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Can You Supercharge And Turbo Any Car?

You can install superchargers and turbos to get more power out of your car's engine. But the big question is can you install a supercharger or turbo on any vehicle? We researched the answer to that question with the help of automotive experts.

Adding a supercharger or turbocharger to any vehicle is possible, except for electric cars. Since many companies make parts to fit any engine, it is possible to get them installed. You should find a trusted mechanic who can install the supercharger or turbo and tune it.

Though installing a turbo or supercharger onto any engine is possible, it will not be easy for some cars since you'll have to find the right parts. Keep on reading to find out more about turbos and superchargers.

White mercedes benz parked near river bank, Can You Supercharge And Turbo Any Car?

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Superchargers And Turbochargers On Cars

The primary purpose of adding a supercharger or turbocharger is to increase power output. Installing both a turbo and a supercharger may vary in complexity, from a simple bolt-on to a full-on conversion.

Though you can install the supercharger and turbo on any vehicle, you'll have to ask yourself whether your car can handle it. Not all turbos and superchargers put out the same amount of power. In some cases, you'll even find two turbos or a mix of a supercharger and turbo in one engine setup.

Superchargers

Classic car engine accompanied by a huge supercharger.

Superchargers operate mechanically using the belts on the engine. Superchargers and turbos are both dynamic compressors.

Both suck in air at accelerated high speeds, and then get slowed down to increase their pressure. Air gets drawn into an impeller, where centrifugal force flings it out in a compressor housing; this is where the speed gets compressed.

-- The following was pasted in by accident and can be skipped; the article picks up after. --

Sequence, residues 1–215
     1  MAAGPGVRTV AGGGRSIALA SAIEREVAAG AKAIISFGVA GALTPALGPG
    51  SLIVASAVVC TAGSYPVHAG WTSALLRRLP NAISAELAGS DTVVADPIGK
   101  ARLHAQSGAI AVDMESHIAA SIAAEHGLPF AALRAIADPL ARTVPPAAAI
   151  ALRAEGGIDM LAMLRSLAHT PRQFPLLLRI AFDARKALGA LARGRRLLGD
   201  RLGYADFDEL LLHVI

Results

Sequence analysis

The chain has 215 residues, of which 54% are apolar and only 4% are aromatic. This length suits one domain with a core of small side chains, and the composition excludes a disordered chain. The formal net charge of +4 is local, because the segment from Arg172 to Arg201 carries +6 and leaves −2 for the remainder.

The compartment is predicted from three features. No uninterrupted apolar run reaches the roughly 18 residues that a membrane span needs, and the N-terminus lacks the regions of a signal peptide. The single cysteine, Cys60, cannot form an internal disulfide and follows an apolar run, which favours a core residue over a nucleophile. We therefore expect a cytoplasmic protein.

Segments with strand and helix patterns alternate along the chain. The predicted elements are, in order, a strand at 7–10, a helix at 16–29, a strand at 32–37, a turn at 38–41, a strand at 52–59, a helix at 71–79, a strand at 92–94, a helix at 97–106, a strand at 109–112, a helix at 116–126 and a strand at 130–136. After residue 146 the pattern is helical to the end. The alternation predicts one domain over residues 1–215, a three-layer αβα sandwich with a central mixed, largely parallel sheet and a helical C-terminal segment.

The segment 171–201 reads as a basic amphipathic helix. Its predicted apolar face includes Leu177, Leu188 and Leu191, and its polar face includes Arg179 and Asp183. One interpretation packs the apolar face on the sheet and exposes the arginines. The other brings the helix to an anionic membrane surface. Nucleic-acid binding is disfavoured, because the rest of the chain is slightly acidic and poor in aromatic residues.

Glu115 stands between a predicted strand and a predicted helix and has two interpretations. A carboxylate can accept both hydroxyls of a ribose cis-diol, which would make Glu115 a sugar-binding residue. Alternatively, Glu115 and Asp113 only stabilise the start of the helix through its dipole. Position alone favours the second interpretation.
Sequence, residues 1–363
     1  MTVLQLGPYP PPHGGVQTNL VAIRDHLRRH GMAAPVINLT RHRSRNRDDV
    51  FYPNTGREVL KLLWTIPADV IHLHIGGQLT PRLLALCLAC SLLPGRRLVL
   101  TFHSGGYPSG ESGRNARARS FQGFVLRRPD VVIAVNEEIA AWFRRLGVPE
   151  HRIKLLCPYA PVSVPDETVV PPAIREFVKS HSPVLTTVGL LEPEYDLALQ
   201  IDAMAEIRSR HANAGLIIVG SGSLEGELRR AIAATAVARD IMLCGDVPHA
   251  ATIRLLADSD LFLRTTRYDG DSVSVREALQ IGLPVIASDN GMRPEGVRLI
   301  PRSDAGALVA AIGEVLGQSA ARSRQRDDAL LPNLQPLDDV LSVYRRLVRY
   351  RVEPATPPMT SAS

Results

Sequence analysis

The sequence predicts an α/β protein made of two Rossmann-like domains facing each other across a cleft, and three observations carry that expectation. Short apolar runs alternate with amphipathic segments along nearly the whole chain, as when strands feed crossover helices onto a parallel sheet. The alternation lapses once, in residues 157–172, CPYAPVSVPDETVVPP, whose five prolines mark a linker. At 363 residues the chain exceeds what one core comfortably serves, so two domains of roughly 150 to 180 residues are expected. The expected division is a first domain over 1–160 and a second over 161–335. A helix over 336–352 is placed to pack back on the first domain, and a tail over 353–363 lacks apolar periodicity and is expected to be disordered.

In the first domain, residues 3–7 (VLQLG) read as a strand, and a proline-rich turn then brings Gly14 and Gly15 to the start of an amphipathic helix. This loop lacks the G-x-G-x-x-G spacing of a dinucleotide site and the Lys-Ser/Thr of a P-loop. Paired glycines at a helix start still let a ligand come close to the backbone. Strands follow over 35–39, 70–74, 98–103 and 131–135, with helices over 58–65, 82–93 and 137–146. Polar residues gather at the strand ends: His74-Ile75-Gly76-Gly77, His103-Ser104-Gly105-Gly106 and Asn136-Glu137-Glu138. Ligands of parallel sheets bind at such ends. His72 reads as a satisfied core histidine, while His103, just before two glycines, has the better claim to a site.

A typical supercharger has two shafts attached to a pully, which will be belt driven. When a vehicle has a supercharger, you'll hear a whine when the car accelerates. Also, superchargers tend to be heavier but can give an almost instant boost.

Here are some examples of vehicles that have a trim with superchargers.

  • Dodge Challenger
  • Ford Mustang
  • Chevrolet Camaro
  • Land Rover Range Rover Sport
  • Audi A7
  • R50 Mini Cooper S

For the most part, you can commonly find superchargers installed in vehicles with V8 engines or higher. Though it is possible to put a supercharger on any car, some vehicles may require extensive modifications.

Turbos

Turbo charger installed on car engine for power booster torque drive

Turbos are one of the best options for adding more power to your vehicle. There are many different turbo sizes you can choose from, and you can even put two or even more in one engine.

To get more power, you'll need more fuel. Getting more is quite simple, but without additional air, this will be pointless.

An engine's cylinder is limited in how much air it can take in by its size or displacement. That's why before, you'll have to have a bigger engine if you want to get more power.

When the turbo came onto the automotive market, it solved this problem. You can have a higher power output even if you have a small displacement.

With a turbo, exhaust air gets piped into the turbo's hot side, spinning a turbine and getting shot out. Connected to the hot side of the turbo is its cold side. The cold side also has a turbine that spins when it sucks in cold air through an inlet and shoots it out an outlet into the car's intake manifold.

At this point, the air is denser and has more oxygen to burn more gas, giving your engine more power. To ensure you get cold air between your turbo and manifold, you have an intercooler to help cool down incoming air.

Your piping would have a blow-off valve to relieve the pressure when you let off your gas releasing the air back into the atmosphere. Turbos also produce a noise that some people may enjoy, such as a spooling noise. It is also called turbo lag.

Unlike superchargers, a turbo boost needs to build up, but twin-turbos can fix turbo lag by installing two smaller turbos. Below are some of the vehicles that have a trim with turbo.

  • Nissan GTR
  • Ford Fiesta ST
  • Honda Civic TypeR
  • Subaru WRX
  • Volkswagen Golf GTI
  • Cadillac ATS

Turbos are more commonly found on cars than superchargers since they are cheaper and keep the car's overall weight down. You can also find turbos on midlevel trims giving them more power.

What Do You Need To Turbo A Car

Car mechanic hands in garage with old and used turbocharger

Putting a turbo on your vehicle can be a weekend job or may take longer, depending on how complex your turbo is. When getting parts for a turbo system, you'll have two main ways of getting them.